This ‘play with music’ features Jewish characters and an intimacy that is unique to Jewish families
By DORIS RUBENSTEIN
Michael Elyanow and Jeremy B. Cohen are quite a theatrical team: Elyanow is a playwright and erstwhile song composer; Cohen is a seasoned director and is currently in his sixth season as producing artistic director at the Playwrights’ Center in Minneapolis.
They’re also a married couple with a son in grade school. And they’re Jewish, which makes them of particular interest to readers of this publication.
Since these two creative types have been in town for quite a few years now, why is it that they’re suddenly coming into focus for Jewish audiences? The project is Theater Latté Da’s world premiere production of Elyanow’s “play with music,” Lullaby, which opens on Jan. 13 at the Ritz Theater in Minneapolis.
Lullaby was a big hit with fans of Latté Da’s NEXT 20/20 program, its major new work initiative in which audiences are able to preview the company’s upcoming musical presentations while they are still works in progress.
The show is described as a comedy/drama about a widowed young mother who, haunted by the death of her husband, forms an unlikely friendship with the songwriter she hires to teach her to play lullabies for her infant son. And, of course, the characters are all Jewish. But why?
“The characters spoke to me as I was writing the play and were revealing themselves to me as being Jewish,” Elyanow explained. “It’s not essential that they’re Jews, but it makes sense that they are.”
He feels that there’s a certain intimacy and linkage that is unique to Jewish families, something that he relates to growing up Jewish in Somerville, Mass.
“You know, they’re all complicated,” Elyanow said.
And the music?
“This is not a musical in the Broadway sense of the word, where characters break out and sing to move the story forward,” he said. “Here, there are other reasons for the songs. I’d call this a ‘play-sical.’”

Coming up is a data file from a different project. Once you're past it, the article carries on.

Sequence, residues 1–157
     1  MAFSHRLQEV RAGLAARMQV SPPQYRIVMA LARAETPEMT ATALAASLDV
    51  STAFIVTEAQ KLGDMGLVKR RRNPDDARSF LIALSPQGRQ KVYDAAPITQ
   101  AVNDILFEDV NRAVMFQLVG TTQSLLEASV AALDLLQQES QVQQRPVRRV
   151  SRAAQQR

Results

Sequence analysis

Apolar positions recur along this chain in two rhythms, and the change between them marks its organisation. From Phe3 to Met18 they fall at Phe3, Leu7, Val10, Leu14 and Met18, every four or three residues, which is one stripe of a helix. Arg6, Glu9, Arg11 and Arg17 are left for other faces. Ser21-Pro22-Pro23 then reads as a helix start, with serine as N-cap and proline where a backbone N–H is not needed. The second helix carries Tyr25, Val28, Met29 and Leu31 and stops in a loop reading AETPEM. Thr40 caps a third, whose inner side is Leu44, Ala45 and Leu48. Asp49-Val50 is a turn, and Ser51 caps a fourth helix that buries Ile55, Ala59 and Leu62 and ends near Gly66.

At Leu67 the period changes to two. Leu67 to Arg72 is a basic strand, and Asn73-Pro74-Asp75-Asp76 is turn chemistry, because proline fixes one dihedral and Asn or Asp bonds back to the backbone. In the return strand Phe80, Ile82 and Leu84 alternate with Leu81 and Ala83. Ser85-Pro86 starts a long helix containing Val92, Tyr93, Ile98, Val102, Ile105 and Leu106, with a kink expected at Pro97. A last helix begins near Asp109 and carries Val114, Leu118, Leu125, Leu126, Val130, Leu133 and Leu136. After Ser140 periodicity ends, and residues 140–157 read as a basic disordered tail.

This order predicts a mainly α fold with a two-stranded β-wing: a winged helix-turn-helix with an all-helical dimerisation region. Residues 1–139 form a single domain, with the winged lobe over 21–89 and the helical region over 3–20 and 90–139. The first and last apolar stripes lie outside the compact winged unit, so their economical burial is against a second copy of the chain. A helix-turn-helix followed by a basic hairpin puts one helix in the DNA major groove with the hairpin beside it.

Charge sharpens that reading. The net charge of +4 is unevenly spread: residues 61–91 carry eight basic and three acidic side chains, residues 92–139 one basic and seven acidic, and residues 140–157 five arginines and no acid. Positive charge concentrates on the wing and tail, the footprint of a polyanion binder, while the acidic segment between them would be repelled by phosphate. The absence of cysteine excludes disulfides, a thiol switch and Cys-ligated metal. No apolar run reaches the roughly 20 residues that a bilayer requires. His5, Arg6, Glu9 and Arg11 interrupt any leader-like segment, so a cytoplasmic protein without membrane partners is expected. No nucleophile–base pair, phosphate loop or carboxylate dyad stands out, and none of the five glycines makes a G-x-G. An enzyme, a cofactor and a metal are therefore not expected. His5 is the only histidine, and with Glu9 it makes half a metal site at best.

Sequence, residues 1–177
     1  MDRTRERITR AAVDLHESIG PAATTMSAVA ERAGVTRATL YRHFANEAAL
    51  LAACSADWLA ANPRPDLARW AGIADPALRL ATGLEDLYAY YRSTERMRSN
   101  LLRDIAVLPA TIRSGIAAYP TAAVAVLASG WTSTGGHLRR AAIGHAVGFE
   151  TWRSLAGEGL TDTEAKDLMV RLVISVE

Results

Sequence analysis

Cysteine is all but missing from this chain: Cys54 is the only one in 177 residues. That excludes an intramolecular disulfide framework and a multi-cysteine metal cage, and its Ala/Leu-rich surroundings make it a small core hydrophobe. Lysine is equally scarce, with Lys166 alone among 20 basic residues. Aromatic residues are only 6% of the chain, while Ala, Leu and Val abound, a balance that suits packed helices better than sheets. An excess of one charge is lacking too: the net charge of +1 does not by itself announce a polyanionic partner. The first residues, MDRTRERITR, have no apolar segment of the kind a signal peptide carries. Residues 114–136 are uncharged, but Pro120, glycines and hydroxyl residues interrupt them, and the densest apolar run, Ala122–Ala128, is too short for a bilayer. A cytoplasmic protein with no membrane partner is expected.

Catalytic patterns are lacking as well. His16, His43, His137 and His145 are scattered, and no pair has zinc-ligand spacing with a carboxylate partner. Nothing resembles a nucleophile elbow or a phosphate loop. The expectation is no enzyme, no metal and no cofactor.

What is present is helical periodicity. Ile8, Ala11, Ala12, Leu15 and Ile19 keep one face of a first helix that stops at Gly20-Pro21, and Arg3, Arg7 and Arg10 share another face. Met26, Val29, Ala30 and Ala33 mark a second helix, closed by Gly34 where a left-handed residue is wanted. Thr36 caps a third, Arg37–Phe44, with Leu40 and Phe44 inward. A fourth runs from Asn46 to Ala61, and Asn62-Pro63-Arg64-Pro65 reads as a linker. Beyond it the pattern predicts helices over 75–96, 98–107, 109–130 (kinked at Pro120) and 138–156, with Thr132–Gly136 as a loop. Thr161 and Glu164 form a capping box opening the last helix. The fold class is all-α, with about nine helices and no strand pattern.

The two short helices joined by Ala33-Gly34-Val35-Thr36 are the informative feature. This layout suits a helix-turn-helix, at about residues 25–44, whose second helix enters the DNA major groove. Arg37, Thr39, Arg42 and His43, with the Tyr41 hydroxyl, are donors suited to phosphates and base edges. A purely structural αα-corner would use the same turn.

Elyanow is not a trained musician. He has an MFA in theater from Northwestern University; he shied away from acting after discovering that he’s “a much better storyteller on the page than on the stage.” He’s self-taught on the guitar, and noodling around with it to create lullabies for his son may be the genesis of the songs he wrote for this show.
While not writing for Theater Latté Da or places like the Hartford Stage Company or the Manhattan Theatre Club, Elyanow dedicates himself to teaching television and screenwriting at Carleton College and Hamline University.
Prior to coming to Minneapolis for his job at the Playwrights’ Center, Cohen served as associate artistic director/director of new play development at Hartford Stage from 2003 to 2010, where he directed several premieres. Other directing credits include productions at Actors Theatre of Louisville, Kansas City Rep, Mixed Blood, Repertory Theatre of St Louis, Royal George, Steppenwolf Theatre; and workshops at O’Neill Playwrights’ Conference, New York Stage and Film, Pasadena Playhouse, Denver Center, and Beautiful Things at Latté Da in 2012.
He has received numerous directing awards, a NEA/TCG Directors Fellowship and a Northwestern University grant for his play 12 Volt Heart. He directed the 2014 world premiere of an off-Broadway musical by singer/songwriter Jonatha Brooke called My Mother Has Four Noses, to raves from the New York Times.
Since Lullaby had been in the works in different forms for some 10 years, it fit well into Latté Da’s new focus on musicals. Artistic Director Peter Rothstein fell in love with the script and was pleased that Cohen and Elyanow came as a package to deliver it to the stage. This was a perfect reason for Rothstein to bring Cohen back to Latté Da after his successful show there in 2012.
“The play has a Jewish ethos about it,” Cohen said. “It beautifully explores the intersection of two women’s lives of great transitions… and great hopes.”
Cohen and Elyanow invite the community to explore that ethos with them and the actors, to enjoy the music and take home a new lullaby or two for their kids or grandkids.
Since 1912 the AJW has served as an important news resource for the Jewish community. The Jewish World unites the main Jewish communities in St. Paul and Minneapolis, as well as those in Duluth, Rochester and smaller cities, and bridges the divides between the various Jewish religious streams.